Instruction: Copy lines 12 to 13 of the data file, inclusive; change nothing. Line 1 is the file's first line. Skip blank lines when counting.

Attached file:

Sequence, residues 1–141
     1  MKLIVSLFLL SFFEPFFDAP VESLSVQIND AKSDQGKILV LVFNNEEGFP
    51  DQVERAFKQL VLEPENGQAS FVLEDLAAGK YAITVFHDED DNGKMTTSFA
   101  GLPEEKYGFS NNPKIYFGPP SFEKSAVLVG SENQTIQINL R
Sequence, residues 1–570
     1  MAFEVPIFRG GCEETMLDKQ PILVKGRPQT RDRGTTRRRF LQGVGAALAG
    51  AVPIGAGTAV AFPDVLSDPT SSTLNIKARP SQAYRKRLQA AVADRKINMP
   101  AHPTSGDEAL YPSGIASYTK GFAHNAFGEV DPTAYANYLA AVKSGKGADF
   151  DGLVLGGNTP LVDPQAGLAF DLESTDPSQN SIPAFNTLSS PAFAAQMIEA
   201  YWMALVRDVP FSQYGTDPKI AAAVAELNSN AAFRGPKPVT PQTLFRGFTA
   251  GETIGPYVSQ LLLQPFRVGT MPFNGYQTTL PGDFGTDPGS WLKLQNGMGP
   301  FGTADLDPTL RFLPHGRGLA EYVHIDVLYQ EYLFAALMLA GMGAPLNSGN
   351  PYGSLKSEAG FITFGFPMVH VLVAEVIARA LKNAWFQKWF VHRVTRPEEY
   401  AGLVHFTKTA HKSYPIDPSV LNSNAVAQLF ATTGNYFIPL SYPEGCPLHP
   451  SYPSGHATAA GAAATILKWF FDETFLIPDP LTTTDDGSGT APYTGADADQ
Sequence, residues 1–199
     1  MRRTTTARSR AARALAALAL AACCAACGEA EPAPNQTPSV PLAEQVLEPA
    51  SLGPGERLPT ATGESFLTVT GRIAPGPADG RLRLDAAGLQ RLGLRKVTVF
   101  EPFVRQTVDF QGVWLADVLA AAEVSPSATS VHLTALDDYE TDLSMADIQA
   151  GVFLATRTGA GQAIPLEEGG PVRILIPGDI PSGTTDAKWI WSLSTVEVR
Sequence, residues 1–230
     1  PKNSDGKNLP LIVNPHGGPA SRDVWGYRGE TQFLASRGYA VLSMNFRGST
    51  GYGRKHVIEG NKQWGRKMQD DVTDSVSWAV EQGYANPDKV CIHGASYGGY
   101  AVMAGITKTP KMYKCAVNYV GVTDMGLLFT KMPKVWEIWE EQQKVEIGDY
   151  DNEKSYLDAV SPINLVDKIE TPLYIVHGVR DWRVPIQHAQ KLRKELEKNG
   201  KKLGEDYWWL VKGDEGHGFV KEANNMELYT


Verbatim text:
   301  FGTADLDPTL RFLPHGRGLA EYVHIDVLYQ EYLFAALMLA GMGAPLNSGN
   351  PYGSLKSEAG FITFGFPMVH VLVAEVIARA LKNAWFQKWF VHRVTRPEEY